Canadian resources, such as forest products, are generally transported to mills by trucks using road sections that are under the jurisdiction of provincial governments. Trucks, therefore, must comply with weight & dimension regulations governed by these administrations. While there are interprovincial conventions, each province has its own regulations, restrictions, and trucking programs. There is a need for transportation competitiveness to ensure the sustainability of industries in each province. To do so, there are several ways to promote transport efficiency, such as implementing a new truck configuration; implementing or increasing winter weight premiums; reducing the length or severity of spring road restrictions, etc. This paper describes the technical process used in Canada to improve transportation efficiency while preserving road user safety and the integrity of affected infrastructure. This process involves the five following phases:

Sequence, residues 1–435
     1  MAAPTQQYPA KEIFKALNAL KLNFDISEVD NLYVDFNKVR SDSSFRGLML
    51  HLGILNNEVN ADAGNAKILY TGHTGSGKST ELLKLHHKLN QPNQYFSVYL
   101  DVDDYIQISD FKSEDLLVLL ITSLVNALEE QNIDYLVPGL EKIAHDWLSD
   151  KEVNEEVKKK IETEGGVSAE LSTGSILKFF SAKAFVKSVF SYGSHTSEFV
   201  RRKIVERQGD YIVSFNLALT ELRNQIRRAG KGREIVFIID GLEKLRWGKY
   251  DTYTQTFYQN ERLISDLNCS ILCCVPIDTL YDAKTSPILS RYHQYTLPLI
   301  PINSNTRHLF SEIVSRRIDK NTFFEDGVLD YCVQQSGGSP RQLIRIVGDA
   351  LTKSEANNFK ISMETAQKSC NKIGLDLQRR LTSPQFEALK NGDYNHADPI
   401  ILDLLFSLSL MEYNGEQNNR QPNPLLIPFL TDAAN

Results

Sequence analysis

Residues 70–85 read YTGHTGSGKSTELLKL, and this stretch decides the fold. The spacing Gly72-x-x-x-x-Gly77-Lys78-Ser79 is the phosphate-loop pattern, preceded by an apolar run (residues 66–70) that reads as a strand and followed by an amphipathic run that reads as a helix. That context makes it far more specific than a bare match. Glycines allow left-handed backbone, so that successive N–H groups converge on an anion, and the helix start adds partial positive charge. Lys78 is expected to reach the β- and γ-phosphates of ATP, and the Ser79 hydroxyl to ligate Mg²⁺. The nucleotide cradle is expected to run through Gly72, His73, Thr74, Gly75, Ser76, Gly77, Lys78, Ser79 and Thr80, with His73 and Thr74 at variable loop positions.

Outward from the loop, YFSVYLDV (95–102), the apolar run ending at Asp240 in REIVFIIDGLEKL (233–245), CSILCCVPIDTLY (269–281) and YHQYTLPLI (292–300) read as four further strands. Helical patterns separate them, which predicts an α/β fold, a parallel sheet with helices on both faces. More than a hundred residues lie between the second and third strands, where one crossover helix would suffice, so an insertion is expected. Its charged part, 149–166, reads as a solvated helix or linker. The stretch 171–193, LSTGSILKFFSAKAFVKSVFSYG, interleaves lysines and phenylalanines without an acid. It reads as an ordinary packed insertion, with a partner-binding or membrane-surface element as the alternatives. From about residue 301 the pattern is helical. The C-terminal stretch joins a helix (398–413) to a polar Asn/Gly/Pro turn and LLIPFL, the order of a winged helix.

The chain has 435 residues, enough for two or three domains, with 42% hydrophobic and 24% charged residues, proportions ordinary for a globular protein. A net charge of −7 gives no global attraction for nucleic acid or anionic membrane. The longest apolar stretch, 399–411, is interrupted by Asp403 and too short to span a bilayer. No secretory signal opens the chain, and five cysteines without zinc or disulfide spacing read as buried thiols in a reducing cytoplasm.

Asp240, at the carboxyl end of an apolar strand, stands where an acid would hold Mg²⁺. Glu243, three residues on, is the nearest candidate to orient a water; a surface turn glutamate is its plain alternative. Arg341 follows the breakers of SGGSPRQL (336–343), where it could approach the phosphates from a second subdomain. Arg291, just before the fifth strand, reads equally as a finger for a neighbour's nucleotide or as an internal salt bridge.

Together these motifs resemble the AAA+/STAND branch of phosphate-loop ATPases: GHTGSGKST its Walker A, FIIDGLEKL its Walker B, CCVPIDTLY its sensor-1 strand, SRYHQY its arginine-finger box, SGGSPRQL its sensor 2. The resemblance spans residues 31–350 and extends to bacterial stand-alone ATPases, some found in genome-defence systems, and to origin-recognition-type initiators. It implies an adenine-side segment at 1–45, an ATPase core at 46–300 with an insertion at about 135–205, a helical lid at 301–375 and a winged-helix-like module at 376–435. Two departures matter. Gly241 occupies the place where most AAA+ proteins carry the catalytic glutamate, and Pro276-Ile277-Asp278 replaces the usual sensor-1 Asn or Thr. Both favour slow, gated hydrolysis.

1. Defining the need for transportation efficiency. Evaluating the need from the industry, selecting the champion and stakeholders, analyzing preliminary economic impact for all parties involved.
2. Feasibility study and strategy. Study provincial administration regulations, incorporating government priorities, etc.
3. Scientific methodology and technical approach. Infrastructure data acquisition, study impact of proposed change on infrastructure, safety, economy, environment.
4. Presentation of study results to responsible transportation officials.
5. Implementation. Process of changing transport policy.
A practical case that illustrates this process is highlighted in this paper, namely the introduction of a 9-axle tandem-drive truck in Ontario.